So how can organizations advance from good to great IT Risk Management practice? The challenge lies in understanding their portfolio of IT risks, quantifying and prioritizing them against the organization’s risk profile, and developing an effective program of remediation activities.

The following five-step process can help organizations assess their levels of IT Risk, develop remediation roadmaps, and ultimately build effective, continuous IT Risk...

Hon Tran | 03 Oct 2007 07:00:00 GMT | 0 comments

A quick Google search of the term “risk management’ returns more than 75 million results, revealing a discipline of balancing risks and costs that has been in practice across many industries for decades. Ironically though, the phrase has not become commonly-used in the IT industry until recently.

Traditionally, we’re used to hearing about risk associated with the financial assets (insurance, credit, exchange rates, interest rates). But we are also noticing more focus in operational risk, where the primary driver is information technology.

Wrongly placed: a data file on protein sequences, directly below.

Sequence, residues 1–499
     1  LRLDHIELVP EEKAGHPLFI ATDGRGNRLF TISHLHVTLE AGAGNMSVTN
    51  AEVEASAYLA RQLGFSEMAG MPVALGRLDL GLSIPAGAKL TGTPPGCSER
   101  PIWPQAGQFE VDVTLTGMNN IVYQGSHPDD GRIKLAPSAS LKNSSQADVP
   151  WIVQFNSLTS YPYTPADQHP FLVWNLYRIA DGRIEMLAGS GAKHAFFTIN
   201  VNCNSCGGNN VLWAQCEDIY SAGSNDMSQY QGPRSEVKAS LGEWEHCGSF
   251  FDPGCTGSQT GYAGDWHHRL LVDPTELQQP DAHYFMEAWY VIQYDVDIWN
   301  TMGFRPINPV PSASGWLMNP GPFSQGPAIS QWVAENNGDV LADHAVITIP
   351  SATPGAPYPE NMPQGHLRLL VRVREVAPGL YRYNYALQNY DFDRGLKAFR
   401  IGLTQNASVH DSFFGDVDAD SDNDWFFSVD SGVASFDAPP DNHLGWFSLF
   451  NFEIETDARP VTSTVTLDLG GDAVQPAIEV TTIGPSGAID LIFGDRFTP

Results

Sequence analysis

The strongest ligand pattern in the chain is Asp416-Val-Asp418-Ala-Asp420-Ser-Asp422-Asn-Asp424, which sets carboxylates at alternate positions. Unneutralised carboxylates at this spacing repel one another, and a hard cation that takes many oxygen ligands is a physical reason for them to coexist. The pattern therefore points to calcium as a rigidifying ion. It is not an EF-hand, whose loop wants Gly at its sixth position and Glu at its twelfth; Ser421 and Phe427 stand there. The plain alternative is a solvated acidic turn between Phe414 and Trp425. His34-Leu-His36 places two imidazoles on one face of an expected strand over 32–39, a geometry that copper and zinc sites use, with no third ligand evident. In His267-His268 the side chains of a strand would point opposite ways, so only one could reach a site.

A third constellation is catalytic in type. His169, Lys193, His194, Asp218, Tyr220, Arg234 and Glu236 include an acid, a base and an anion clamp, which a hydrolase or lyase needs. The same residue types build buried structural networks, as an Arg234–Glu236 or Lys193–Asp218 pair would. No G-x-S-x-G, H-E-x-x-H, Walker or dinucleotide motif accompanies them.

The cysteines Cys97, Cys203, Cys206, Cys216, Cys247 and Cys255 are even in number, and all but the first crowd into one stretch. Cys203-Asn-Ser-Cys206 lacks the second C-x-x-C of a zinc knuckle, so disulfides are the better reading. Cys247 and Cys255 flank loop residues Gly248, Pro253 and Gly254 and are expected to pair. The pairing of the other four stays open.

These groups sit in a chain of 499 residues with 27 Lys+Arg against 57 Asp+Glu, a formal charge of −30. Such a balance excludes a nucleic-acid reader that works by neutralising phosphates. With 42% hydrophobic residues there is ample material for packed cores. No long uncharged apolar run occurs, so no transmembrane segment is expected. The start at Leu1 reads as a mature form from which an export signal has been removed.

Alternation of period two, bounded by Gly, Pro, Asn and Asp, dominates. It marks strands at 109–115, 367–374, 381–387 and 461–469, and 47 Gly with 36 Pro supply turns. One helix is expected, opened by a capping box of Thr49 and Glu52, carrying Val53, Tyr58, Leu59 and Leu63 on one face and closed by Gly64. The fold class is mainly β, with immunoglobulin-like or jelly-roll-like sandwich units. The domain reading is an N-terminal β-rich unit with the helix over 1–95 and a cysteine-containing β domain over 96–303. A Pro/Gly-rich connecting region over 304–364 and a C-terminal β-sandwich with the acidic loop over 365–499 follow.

As consumers and businesses become increasingly dependent on the Internet and IT systems, the risks in this infrastructure have become far more visible and significant. Breaches or failures of information systems cause serious business crises – reputation damage caused by identify theft, business losses stemming from system failures, and regulatory restrictions arising from compliance issues. Recent news coverage has focused on...

Ken Gonzalez | 11 Sep 2007 07:00:00 GMT | 0 comments

In my last installment, we examined the list of ITIL® v3 processes. Figure 1 (below) is an important tool to begin considering the expansion of the key ITIL process base. The names for the processes are listed on the left side and the relevant ITIL book across the top.

processmap_sm.jpg
Figure 1 - ITIL v2-v3 Process Coverage and Mapping (click for larger image)

I built this map in an attempt to describe which of the core publications are needed when researching or trying to understand a given process area. This was not quick or easy, because:


• Process naming is somewhat inconsistent across the books;
• Content from the ITIL v2 Core is not a clear or direct mapping;
• Content from other...